Another auction terminology question


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Lately I have been casually scrolling through listings for sale at some of the auction houses (specifically Brompton's and T2), and have found some listings being advertised with a geographic location.

I.E. "Lot 341: An Interesting Italian Violin, second half of the eighteenth century"

Since Brompton's only provides buyers with 3 photos: front, back, and the scroll, I find it quite convenient if they can identify the origin if I were to bid.

However, I also wonder to what extent is this accurate? And yet if the reverse is true: If a violin is only advertised as "An Interesting Violin" as opposed to "An interesting Italian Violin", do we automatically assume that it is NOT Italian? Or it is simply unidentified?

I think I am going to limit my question to "Italian" here, since almost everyone wanted their violin to be Italian. Thanks~

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To me, when I see instruments at auction described as "interesting", that means, to me: 1-we don't know what it is. Do you? 2-"Possibly" Italian, but we aren't willing to stick our neck out. It might cost us money when your "expert" says it isn't.

 

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Thanks all for the input! Though I am sure "interesting" is nothing but a buzz word they use. 

My main question would be on the word "Italian". 

8 minutes ago, duane88 said:

"Possibly" Italian

When an auction house claims a violin "Italian", (not "possibly Italian", but rather straight forward "Italian". i.e. An Italian violin), 

Does that usually mean the identification has been more or less confirmed? Or there is still a relatively open possibility for the instrument to be from other places? As Jacob suggests, "Continental European"?

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56 minutes ago, W.C. said:

Thanks all for the input! Though I am sure "interesting" is nothing but a buzz word they use. 

My main question would be on the word "Italian". 

When an auction house claims a violin "Italian", (not "possibly Italian", but rather straight forward "Italian". i.e. An Italian violin), 

Does that usually mean the identification has been more or less confirmed? Or there is still a relatively open possibility for the instrument to be from other places? As Jacob suggests, "Continental European"?

You would have to read the auction house's rules and descriptions. 

There are lots of people out there who claim knowledge and expertise. Some of them, if they told me that a violin was probably Italian, would cause me to consider bidding. Others, I wouldn't trust their opinion.

Not every instruments can be attributed to a particular maker. That is just reallity. Auction houses are there to market instruments. As Jacob says, look at the pictures, decide what it is, or in this particular case, what it is not, and go forward. The descriptions are marketing and are designed to draw you in.

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24 minutes ago, duane88 said:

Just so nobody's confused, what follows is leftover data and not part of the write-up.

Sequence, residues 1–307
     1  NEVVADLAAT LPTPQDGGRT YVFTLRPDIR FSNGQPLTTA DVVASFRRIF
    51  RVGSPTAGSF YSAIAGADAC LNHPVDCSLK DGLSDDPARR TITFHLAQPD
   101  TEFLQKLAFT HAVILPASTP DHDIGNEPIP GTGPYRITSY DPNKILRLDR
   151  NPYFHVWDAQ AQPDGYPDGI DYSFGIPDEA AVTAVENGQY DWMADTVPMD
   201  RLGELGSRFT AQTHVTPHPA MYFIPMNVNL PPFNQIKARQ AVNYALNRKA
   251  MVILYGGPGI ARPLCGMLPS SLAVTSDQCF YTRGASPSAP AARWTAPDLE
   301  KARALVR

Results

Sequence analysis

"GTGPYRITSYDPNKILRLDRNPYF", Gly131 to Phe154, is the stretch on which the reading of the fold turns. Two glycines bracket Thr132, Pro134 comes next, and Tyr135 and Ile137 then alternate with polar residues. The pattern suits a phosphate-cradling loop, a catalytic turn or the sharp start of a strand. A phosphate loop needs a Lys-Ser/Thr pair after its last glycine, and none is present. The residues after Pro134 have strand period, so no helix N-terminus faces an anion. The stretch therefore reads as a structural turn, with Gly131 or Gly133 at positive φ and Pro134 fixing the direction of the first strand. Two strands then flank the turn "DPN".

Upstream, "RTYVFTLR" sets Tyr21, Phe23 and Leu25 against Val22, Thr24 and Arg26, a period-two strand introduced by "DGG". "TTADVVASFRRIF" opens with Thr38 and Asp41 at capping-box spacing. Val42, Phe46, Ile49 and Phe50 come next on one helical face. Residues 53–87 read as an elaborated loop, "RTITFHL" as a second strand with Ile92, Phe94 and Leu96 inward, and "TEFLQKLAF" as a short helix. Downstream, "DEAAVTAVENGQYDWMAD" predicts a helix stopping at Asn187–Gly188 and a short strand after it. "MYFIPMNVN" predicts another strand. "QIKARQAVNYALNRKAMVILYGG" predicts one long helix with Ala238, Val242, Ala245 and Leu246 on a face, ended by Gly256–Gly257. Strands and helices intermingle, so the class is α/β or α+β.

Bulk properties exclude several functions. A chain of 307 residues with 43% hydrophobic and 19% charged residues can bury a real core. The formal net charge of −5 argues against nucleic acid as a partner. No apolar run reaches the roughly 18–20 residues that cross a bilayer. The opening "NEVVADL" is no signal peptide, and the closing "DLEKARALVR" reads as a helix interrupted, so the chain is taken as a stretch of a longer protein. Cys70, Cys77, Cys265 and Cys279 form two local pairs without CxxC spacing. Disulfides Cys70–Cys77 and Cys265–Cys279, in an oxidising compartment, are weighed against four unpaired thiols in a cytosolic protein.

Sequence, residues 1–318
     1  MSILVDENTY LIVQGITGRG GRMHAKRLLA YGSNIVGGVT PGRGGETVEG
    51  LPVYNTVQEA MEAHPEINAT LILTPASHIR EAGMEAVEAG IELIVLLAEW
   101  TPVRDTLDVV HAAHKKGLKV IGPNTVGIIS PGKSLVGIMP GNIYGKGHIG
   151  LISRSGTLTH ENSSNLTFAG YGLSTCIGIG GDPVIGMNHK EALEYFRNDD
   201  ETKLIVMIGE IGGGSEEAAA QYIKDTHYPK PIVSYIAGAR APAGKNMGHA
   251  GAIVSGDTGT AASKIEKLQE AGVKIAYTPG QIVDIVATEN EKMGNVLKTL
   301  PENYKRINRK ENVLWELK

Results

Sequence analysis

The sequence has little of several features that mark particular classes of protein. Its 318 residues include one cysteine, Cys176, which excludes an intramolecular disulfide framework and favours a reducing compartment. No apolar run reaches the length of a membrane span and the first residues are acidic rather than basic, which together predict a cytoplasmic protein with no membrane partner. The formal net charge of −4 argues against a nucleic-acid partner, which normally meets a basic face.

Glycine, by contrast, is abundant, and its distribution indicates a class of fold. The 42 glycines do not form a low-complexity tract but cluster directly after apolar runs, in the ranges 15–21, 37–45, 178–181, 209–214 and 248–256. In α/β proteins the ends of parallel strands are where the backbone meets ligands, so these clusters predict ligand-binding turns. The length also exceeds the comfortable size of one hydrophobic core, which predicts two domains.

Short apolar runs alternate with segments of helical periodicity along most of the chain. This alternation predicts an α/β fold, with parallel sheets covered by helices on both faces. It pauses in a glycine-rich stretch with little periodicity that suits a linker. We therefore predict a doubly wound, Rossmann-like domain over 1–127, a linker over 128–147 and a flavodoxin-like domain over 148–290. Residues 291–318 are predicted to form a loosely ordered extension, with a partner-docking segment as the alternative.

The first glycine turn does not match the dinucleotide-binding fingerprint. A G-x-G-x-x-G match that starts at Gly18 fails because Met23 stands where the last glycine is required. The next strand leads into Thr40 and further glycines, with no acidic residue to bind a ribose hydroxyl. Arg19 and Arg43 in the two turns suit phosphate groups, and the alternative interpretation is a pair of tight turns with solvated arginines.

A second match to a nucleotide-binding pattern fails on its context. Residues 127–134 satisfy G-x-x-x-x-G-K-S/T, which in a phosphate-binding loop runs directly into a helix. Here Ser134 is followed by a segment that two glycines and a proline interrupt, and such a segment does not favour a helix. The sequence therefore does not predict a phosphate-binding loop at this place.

You would have to read the auction house's rules and descriptions. 

There are lots of people out there who claim knowledge and expertise. Some of them, if they told me that a violin was probably Italian, would cause me to consider bidding. Others, I wouldn't trust their opinion.

Not every instruments can be attributed to a particular maker. That is just reallity. Auction houses are there to market instruments. As Jacob says, look at the pictures, decide what it is, or in this particular case, what it is not, and go forward. The descriptions are marketing and are designed to draw you in.

Thanks to both Duane and Jacob. I think I now have a much better understanding of the general auction titling and terming now :)

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41 minutes ago, rudall said:

Why not simply ask Brompton’s? You would have had a definitive answer by now. I really can’t understand why people keep asking such questions here. 

I have emailed Brompton's already. Though the greater part of this post is to learn from the experience of the community, but not solely learning about what Brompton's has to offer specifically. I am hoping to find people with more auction experiences to share their insights on these auction languages, or even the vision behind these auction houses. Duane and Jacob has put together a great response, Kudos to them :D. Though I do see where you are going for.

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4 hours ago, rudall said:

Why not simply ask Brompton’s? You would have had a definitive answer by now. I really can’t understand why people keep asking such questions here. 

On another thread @Rudall doesn't want us to post pictures and on this one we are not to ask questions. Good job  @Rudall isn't in charge here or we wouldn't be able to post at all. :wacko:

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I thought I might as well post this here while the topic is still hot. To be clear I have absolutely no intention on bidding on this violin (that HUGE back post crack is endgame for me). 

This is what got me into doubting how accurate Brompton's attribution to the region of origin is, as discussed above. The back looks fine, but the front is giving me some Dutch implications, or something else pretending to be Italian (though I am not an expert in this). The F holes look somewhat of a crude quality? (I understand that many late 18th century Italian instruments are of a relatively rougher quality). If it is indeed Italian, Is this F hole associated to any particular school?

Any opinions or thoughts? :)